A First-Time Bass Buyer’s Guide

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Buying Your First Bass

You have many options to look for when searching for your first bass guitar. As there are literally countless models available, it is good to have a basic idea of what to look for. In this article, we will discuss the basic things to look for, how much you should spend, and a few pointers on accessories for your new bass.

Number of Strings


First time bass guitar buying options

Your choices for bass guitars are limited only by your budget and your imagination. When beginning, it is a good idea to start off with a basic model. Most basses are, of course, 4-string models. If you are just beginning on bass, this is the best type to start with. Remember, most of the professional bassists in the world still use 4-strings primarily, some exclusively. If after playing a while you find you would prefer a 5-or-more-string model, then that would be the time to invest the extra money. Not before.

Passive vs. Active Electronics

Most basses have what are called passive electronics, which means the pickup uses magnets to translate string vibration into sound signals. These signals travel to the amplifier, where they are produced into sound. Active electronics are used with a pre-amp built into the guitar and allow for a greater variety of tone. For a first-time purchase, passives are just fine. Just like with basses with extra strings, you may eventually decide to move up to active electronics, but like most bassists, you may find it perfectly fine to use passive electronics alone.


There are many guitar companies out there, and many styles and models available, from traditional “Fender” styles to trippy one-of –a-kind models. When you are beginning, it is usually best to stick with an established company such as Gibson, Fender, Ibanez, or Dean. (This includes subsidiary brands such as Gibson’s Epiphone or Fender’s Squier or Starmaster lines.) New models from these companies come with decent warranties and are easy to find replacement parts for. Try several different ones out at a music store to get an idea of the feel and sound of different models before you make a decision.

How Much Should You Spend?

While it is a good idea to start with a basic model, you will find that even the basic models have wildly varying price points. Factors affecting the price include brand, type of woods and other materials used, brand and type of pickups and other hardware, the quality of said hardware, and the country of manufacture.

Many guitar makers, including the ones listed above, offer complete beginners packages starting at about $400. These packages include the bass guitar, small practice amp, strings, picks, strap, and a “gig bag” (a soft fabric case). Most also include a tuner. All of them include a video or booklet with beginner’s instructions on how to hold and play the instrument. These packages cover all the basics you need to get started right away. These are remarkable values for both the beginning student and the player on a tight budget.

If you have a few extra hundred dollars to spend, you can move up to a higher-end model. Basses in this category are made from higher quality materials and are likely to last longer and stay in tune better.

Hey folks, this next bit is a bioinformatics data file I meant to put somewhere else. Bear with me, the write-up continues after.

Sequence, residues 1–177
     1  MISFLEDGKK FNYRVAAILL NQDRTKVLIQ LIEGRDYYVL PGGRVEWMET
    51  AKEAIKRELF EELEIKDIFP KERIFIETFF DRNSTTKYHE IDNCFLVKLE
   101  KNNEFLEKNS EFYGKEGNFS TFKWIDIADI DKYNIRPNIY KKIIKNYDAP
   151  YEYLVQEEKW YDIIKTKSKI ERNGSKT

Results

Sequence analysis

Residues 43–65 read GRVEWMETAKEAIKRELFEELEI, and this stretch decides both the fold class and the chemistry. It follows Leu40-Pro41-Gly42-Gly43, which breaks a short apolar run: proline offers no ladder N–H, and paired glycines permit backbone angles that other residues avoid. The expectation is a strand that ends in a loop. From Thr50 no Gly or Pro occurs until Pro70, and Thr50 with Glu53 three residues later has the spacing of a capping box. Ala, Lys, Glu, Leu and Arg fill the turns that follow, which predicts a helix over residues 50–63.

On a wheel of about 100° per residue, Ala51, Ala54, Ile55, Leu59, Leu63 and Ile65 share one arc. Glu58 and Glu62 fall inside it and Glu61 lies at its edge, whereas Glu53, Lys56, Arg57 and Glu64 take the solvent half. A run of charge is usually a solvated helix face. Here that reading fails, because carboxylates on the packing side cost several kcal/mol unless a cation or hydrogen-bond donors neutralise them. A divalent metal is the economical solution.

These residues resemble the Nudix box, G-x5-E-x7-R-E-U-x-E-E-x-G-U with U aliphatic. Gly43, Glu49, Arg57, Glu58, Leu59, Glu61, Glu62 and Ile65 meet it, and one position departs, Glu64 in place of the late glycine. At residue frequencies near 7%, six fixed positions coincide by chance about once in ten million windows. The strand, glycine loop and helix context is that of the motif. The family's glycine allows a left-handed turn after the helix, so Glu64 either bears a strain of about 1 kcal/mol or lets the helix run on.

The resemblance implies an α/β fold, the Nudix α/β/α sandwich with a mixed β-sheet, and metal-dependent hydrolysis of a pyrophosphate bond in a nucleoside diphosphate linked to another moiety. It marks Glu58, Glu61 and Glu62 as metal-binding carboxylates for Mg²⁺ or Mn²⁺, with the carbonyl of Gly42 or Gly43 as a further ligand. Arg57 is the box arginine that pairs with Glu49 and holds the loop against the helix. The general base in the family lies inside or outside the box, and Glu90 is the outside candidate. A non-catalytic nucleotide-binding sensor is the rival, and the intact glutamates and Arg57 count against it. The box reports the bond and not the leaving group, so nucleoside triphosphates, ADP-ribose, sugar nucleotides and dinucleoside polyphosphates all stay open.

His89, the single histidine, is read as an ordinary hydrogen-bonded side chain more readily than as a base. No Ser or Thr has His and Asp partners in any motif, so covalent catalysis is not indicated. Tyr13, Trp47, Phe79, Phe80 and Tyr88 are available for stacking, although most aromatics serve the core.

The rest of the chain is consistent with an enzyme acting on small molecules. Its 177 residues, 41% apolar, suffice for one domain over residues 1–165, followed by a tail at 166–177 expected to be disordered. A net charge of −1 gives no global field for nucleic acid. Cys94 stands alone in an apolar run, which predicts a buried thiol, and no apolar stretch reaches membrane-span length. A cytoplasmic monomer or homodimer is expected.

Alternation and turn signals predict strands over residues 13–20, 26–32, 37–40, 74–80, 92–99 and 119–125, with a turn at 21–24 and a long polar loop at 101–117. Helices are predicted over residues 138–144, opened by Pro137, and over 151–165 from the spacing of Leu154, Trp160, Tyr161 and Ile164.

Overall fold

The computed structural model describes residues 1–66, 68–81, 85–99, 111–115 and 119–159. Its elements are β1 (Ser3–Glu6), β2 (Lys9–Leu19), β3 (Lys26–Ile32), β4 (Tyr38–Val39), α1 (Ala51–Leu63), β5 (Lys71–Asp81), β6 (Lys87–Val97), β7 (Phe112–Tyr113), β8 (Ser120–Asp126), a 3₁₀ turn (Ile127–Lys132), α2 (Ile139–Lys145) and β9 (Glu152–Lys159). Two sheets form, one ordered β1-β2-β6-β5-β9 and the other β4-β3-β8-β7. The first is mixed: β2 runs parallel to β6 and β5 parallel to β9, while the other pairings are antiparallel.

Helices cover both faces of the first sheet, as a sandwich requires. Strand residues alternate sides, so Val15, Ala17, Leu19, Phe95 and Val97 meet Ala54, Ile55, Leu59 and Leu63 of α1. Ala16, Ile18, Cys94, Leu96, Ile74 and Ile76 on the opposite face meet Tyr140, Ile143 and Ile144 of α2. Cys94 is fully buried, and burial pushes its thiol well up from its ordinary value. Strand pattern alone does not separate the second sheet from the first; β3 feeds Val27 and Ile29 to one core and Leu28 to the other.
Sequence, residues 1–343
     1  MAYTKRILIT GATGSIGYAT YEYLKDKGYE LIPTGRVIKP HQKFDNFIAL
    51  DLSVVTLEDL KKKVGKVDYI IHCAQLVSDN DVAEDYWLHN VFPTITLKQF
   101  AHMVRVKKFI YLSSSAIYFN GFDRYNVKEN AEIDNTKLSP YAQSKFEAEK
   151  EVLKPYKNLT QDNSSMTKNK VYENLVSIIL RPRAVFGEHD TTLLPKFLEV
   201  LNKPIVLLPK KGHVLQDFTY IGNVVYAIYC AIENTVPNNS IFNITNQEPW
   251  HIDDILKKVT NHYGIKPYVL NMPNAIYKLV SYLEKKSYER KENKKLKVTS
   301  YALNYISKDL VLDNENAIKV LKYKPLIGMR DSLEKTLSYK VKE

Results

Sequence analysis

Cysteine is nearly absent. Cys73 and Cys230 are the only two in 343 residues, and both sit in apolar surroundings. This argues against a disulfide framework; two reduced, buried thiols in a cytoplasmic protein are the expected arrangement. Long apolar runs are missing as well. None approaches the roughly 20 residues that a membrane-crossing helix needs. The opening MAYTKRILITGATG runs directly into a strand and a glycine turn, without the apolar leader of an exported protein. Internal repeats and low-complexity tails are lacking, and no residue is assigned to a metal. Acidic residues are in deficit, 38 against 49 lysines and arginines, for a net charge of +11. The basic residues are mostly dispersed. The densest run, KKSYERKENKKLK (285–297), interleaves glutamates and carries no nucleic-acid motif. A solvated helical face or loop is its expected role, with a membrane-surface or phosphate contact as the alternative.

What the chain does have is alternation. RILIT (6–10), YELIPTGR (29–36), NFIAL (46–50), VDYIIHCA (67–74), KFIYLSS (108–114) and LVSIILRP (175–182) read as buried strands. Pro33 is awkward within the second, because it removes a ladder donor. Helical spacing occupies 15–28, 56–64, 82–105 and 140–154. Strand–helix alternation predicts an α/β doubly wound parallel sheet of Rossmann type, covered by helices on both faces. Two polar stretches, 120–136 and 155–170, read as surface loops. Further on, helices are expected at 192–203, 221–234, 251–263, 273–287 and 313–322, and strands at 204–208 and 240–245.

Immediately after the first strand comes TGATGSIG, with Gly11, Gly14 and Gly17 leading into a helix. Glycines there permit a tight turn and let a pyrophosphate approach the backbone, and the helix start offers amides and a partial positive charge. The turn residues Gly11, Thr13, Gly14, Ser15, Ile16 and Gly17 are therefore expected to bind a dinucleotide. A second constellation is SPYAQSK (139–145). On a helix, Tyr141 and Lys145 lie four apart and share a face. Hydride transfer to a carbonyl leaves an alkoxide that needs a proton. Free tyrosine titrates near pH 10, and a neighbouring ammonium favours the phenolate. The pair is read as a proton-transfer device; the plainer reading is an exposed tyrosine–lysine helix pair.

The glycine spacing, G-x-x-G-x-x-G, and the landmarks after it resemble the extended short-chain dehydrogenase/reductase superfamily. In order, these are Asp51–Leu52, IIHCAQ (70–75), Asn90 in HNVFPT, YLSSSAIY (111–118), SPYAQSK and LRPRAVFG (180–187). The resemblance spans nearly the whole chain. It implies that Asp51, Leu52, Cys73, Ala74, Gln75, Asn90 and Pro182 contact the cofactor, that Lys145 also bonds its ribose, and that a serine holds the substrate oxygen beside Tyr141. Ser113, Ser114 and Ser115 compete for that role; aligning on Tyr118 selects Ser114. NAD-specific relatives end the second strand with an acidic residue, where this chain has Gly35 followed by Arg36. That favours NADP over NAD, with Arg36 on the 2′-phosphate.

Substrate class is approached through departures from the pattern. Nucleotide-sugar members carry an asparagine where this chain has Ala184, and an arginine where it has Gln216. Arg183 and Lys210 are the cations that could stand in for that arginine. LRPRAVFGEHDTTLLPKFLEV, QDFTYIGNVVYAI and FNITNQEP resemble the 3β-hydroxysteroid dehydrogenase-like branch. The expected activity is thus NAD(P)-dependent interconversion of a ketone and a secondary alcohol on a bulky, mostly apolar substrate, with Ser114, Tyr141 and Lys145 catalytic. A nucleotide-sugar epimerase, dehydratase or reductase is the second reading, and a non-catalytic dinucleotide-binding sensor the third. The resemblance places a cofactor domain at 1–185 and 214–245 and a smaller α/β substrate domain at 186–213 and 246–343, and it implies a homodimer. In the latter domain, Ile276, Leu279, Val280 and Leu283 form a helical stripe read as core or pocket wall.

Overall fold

As this is your first purchase, it is best to stay within these two categories. You could spend a lot more, but it just isn’t necessary until you have played awhile and know what you really need for the long haul.


The items mentioned above in the beginner packs are essential. In fact, it is a great idea to pick up a few extra picks and an extra set of strings, if you can. Other recommended accessories include a portable metronome, a string winder, and a guitar cleaning kit.

If you are purchasing an amp to pair with your bass, it is best to stick with a basic model for now. Start with an amp big enough for practice and (perhaps) performance in a small room. You don’t need a large rig for now. Although you can certainly purchase separate heads and speakers, many beginners find it easier and more portable to use a combo amp

Other Considerations

If you are looking to save money, you may consider buying used equipment.  Make sure you test the bass thoroughly before purchase. Take time to fully understand the retailer’s refund, exchange, and repair policies before you hand over the cash and ask any clarifying questions that come to mind. It will save you money and headache later.

If you make an online purchase, new OR used, the same suggestions apply. Check the reputation of the seller, or if purchasing on eBay, ensure they have a high rating and good recent reviews.

Play fair! If you spend a considerable amount of time with a salesperson in a guitar shop and then find the same item you have decided upon online or at a “big-box” store at a lower price, give the music shop a chance to meet, beat, or at least come close to the price. Most of them are happy to make a smaller profit rather than lose your business. In addition, many of these salespeople are commissioned, and depend on your purchases for their income. Good customer service is hard to find these days and you should definitely consider rewarding that.

This covers the basics of your first-time bass purchase. Happy playing!


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